Likewise, homographs are words that share the same spelling but mean differently. A typical example of a homograph is bow-bow wherein one refers to a courteous gesture while the other is indicative of a weapon. Bass vs bass is another homographic pair wherein bass could refer to a type of fish or a low baritone.

This discussion would be incomplete without mentioning homonyms wherein words in a pair share the same pronunciation but are spelled differently and of course differ in terms of meaning too. Aisle and isle are two words that can hardly be distinguished when spoken but mean totally different concepts. Hence the best way to distinguish between homonyms entails listening carefully to grab the concept wherein it is being applied and then figure out the word that is being used. For example, if used in context of marriage, the word would be aisle while when used in conjunction with the sea it is an isle.

True though it is that homonyms are difficult to grasp and master, they play a major role in promoting an understanding of the language and hence are a must-know if fluency in English is to be attained. Being vigilant about words is a good way to grasp homonyms and as long as you can keep track of them mentally or by writing, comfort in using them is not as elusive as it seems.

Another concept in English language is that of synonyms which refers to words that are very close to each other in meaning and yet are unique enough to be applied in a particular context. What renders synonyms confusing is that these often overlap in terms of meaning, thus leaving the speaker baffled as to which word should be used. For example, an introduction refers to the opening paragraph of any written or spoken form of English and yet it can also be described as a preface, foreword or an epilogue. Likewise, a geographical region which is referred to as ‘plains’ in one part of the world could be known as ‘steppes’ in some other continent and ‘savannah’ in some other.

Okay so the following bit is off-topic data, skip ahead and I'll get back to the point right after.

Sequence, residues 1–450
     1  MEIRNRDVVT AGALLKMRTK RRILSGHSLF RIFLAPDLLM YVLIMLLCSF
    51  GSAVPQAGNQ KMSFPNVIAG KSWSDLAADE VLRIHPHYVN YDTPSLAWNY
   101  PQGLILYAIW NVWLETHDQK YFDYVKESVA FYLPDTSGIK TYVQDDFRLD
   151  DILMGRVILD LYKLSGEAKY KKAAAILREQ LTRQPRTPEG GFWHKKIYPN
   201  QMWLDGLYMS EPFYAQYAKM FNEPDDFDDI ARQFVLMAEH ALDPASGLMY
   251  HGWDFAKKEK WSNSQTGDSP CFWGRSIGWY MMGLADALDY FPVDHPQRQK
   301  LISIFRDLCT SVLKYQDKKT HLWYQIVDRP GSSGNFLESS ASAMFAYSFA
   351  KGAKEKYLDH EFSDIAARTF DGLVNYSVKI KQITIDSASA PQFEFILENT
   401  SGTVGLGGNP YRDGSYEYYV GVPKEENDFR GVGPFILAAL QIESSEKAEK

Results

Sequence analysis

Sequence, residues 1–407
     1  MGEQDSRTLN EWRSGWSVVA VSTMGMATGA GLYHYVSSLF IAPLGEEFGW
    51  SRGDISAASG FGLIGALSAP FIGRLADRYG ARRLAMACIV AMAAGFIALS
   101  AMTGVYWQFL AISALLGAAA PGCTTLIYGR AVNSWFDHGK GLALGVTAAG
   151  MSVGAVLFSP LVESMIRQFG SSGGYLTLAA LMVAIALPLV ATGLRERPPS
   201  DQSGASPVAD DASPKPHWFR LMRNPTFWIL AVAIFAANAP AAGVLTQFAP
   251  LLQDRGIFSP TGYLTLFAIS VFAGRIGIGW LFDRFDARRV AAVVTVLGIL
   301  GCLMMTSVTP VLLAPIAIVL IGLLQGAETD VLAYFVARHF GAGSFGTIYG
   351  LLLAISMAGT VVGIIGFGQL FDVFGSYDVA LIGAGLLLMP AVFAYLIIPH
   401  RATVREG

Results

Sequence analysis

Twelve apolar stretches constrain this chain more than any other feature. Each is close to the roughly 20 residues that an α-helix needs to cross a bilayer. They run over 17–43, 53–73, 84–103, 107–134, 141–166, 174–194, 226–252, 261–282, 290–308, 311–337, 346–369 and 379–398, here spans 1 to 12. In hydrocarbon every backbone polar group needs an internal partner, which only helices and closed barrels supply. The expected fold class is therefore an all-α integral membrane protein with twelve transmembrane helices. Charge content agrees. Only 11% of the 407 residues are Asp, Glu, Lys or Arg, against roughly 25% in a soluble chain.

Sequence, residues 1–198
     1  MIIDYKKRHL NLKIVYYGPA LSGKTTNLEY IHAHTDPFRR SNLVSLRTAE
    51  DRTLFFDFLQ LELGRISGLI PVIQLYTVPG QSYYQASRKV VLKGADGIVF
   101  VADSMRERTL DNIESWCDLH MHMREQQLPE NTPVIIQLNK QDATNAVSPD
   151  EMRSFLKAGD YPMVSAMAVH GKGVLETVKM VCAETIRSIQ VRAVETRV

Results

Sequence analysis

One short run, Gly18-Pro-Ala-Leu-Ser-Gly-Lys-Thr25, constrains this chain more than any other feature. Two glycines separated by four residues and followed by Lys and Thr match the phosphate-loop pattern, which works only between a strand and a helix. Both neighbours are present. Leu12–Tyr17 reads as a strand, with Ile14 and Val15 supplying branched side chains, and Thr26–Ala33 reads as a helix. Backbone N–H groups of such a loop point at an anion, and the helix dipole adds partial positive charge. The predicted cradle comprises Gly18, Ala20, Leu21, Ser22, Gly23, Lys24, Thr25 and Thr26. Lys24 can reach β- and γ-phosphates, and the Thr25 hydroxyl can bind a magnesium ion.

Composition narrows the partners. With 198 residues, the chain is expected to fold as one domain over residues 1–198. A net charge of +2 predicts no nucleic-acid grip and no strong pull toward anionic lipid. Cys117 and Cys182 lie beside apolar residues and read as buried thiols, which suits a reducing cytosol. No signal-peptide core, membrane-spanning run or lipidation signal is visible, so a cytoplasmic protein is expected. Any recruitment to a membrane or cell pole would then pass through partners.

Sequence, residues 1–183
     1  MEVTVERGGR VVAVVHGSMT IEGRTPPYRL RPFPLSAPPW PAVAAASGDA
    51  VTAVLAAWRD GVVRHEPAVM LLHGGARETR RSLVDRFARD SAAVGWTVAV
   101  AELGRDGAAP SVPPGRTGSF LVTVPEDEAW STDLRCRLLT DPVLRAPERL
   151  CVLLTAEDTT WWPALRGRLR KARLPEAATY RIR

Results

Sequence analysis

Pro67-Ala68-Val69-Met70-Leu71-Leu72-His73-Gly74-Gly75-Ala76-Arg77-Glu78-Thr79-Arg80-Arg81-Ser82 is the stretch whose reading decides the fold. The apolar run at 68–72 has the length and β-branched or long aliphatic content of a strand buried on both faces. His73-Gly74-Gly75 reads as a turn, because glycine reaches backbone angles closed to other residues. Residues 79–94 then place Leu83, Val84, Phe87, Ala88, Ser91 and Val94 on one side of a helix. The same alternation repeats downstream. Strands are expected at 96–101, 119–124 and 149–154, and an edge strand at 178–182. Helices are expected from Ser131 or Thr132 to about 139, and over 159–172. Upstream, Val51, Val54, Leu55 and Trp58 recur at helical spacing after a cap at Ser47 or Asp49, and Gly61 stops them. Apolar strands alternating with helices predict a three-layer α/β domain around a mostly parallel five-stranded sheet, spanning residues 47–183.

At times, words refer to some actions which may be very similar to each other and yet imply a different relationship. For example, teach is a general word which just refers to teaching but when it is replaced by its synonym educate, instruct or tutor, it is indicative of varying relationships between the student and the teacher. Such words may be very similar to each other in meaning but they cannot be used interchangeably since doing so would serve to modify the meaning of the sentence completely. Therefore, the student needs to be conscious while using these words and ensure that an apt word is employed for the context in question.

One of the ways of distinguishing between words and learning their usage entails studying the parts of speech of English Knowar. In English, there are eight parts of speech and amongst them there are four open classes and the remaining four are closed classes. There are words which could belong to more than one class and this is often determined by the manner in which the word is used. For example, in the sentence ‘I went for a run’ the word ‘run’ is a noun where as in a sentence like ‘run and go’ it acts as an action word, namely verb.

Several words together form a phrase and in English, phrases could be noun, adverb or adjective depending on their relevance in a given sentence. Then phrases could be verb, propositional and determiner too depending on the nature of inclusion in the sentence. Having a grammar book close at hand is a must for all learners of the language and this should remain in your collection even after you have mastered the language so that it could serve as a reference guide should such a situation arise.